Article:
Broadcast blues on the way out

Local radio station in Nong Yasai district in central Thailand sets example for keeping content parochial and non-political

Bangkok Post
Monday, July 20, 2009

By Onnucha Hutasingh

Suphan Buri --- Broadcast regulators are urging community radio stations to drop politics and advertising, and get back to their roots.

That's good news to listeners, who reckon they would rather their radio stayed local.

One radio station in Nong Yasai district in this central province makes no apology for the parochial fare it serves -- and listeners love it for it.

FM 107.75 carries no advertising, and all programmes are geared around the needs of local people, said Sangwan Thanjaroen, 64, who has worked at the station for more than six years.

When on the air, he tells his listeners the history of Nong Yasai district and talks about old songs.

Other broadcasters report on the weather, farming outlook and condition of the roads.

One regular listener, Samreng Jaiman, said news about politicians turned him off. He preferred to hear about his local community.

Another listener, meal trader Yupin Siangmoo, said community radio had brought him closer to his neighbourhood.

"Before I felt my world was smaller... I knew only the people next door and on the route to the market," he said.

"But now, thanks to the radio station, I know more about our local history."

The National Telecommunications Commission, a body regulating the airwaves, (NTC) wants radio stations to focus on serving their communities and avoid political and business interests.

The Nong Yasai station could be a model for community radio stations being created and overseen by the NTC, its supporters say.

The NTC has launched a fresh attempt to bring community radio stations in line with its "local" objective, after it was criticised for letting stations fall into the hands of business and political groups.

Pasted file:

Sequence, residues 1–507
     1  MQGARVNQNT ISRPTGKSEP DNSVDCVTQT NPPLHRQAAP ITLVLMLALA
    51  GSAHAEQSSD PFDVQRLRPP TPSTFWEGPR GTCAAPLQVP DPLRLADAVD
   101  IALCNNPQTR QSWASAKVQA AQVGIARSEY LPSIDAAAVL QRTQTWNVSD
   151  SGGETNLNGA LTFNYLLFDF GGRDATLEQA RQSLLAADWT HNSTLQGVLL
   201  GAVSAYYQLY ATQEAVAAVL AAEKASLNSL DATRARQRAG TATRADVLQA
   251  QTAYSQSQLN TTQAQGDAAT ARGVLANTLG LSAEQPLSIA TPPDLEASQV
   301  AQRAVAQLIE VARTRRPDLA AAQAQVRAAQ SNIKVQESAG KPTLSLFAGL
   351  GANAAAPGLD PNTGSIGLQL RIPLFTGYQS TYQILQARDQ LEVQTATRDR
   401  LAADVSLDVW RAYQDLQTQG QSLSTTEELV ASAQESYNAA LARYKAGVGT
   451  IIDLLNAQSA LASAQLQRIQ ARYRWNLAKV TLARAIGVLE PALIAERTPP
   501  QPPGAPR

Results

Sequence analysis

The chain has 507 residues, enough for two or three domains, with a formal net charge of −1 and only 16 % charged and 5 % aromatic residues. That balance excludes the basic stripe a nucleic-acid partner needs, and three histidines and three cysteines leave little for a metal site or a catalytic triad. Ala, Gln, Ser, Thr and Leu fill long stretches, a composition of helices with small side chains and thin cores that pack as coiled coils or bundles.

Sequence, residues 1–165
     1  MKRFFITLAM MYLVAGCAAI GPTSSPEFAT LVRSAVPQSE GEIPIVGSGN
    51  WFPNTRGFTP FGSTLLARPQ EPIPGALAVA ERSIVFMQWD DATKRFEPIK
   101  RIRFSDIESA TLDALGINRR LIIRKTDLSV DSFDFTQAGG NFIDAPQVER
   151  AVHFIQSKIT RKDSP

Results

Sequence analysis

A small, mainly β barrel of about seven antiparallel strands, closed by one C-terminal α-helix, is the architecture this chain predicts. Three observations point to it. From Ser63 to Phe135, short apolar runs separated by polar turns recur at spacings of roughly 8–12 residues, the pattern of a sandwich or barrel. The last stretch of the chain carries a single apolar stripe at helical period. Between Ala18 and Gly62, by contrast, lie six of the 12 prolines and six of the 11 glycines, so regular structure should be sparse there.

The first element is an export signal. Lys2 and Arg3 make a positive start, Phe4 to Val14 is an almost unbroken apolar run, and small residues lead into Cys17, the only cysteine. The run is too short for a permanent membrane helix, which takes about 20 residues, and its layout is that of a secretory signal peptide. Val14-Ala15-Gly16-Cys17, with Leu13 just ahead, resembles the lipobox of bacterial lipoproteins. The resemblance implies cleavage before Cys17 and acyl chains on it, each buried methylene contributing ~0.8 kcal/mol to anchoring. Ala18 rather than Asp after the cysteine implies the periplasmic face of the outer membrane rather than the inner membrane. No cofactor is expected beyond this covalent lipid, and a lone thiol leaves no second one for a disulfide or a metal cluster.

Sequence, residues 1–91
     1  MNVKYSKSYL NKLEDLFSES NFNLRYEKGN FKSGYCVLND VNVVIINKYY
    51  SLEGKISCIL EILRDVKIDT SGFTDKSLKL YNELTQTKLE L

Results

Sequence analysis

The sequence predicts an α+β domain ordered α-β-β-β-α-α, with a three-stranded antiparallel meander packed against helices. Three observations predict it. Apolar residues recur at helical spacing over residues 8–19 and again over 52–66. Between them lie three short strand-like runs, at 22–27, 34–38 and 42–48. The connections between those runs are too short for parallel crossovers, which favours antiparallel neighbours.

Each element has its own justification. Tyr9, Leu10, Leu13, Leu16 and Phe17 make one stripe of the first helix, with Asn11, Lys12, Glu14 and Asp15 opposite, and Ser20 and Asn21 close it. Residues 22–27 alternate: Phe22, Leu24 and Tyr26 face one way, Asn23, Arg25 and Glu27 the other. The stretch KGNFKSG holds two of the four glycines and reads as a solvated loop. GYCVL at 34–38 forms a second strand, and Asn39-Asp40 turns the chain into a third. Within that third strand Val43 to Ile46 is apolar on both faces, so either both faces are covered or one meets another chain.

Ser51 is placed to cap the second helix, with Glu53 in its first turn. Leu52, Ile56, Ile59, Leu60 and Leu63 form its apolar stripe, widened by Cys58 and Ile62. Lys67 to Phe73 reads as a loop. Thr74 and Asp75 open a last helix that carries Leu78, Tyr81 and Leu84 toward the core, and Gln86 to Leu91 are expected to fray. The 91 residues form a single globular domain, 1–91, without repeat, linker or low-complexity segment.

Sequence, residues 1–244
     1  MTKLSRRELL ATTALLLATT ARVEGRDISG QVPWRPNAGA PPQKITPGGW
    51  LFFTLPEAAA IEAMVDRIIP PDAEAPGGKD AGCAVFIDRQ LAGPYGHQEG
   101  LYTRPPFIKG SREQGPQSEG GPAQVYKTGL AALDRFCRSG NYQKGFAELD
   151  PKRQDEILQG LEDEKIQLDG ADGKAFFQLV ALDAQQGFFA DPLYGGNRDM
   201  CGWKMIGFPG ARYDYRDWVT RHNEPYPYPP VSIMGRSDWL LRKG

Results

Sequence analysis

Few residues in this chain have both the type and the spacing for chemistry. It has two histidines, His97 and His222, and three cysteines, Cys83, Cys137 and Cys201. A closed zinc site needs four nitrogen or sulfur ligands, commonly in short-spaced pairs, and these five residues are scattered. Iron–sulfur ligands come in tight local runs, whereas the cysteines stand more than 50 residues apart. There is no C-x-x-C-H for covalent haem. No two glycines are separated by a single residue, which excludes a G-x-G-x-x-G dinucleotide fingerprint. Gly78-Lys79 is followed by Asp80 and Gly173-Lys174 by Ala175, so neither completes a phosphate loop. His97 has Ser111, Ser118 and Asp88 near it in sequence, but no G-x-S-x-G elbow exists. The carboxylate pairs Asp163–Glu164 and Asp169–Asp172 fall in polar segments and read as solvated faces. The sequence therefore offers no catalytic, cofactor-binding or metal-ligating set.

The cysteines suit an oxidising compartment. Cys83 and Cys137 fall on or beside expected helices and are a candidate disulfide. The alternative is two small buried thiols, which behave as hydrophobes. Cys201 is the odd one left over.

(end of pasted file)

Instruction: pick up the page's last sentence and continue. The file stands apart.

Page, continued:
The government has allowed community radio stations to broadcast since 2000.

Today, there are more than 5,000 stations, although not all have stuck to their original purpose.

Khon Rak Udon community radio in  Udon Thani, for example, serves supporters of former prime minister Thaksin Shinawatra.

The station, run by Kwanchai Praipana, a key member of the red shirt United Front for Democracy against Dictatorship, mobilises red shirts to protest against the government in the Northeast.

During a recent phone-in, Thaksin asked his supporters to stand guard at the station, after Mr Kwanchai claimed the government wanted it banned.

In Chiang Mai, hometown of Thaksin, the Khon Rak Chiang Mai community radio is also linked with politics. The detention last week of its broadcaster Niyom Lueangcharoen angered the red shirts, whose members clashed with police to force them to release him.

Mr Niyom was allegedly found carrying a gun to Chiang Mai airport during a red shirt protest against Finance Minister Korn Chatikavanij's visit to the city on Thursday.

The NTC is about to scrap a controversial regulation which allowed stations to air six minutes of advertising every hour.

The regulator says it will allow the advertising to continue for another 300 days, after which organisers will have to find other sources of revenue.

Community radio stations are also told to register with the NTC for an annual licence.

Chalet Thamrongthitikul, coordinator of Nong Yasai community radio, believes true community services are likely to improve once owners start complying.

Nong Yasai community radio survives on donations from villagers to cover its monthly expenses of 4,000 baht. Some listeners give money while others donate CDs to Mr Sangwan to play between news items.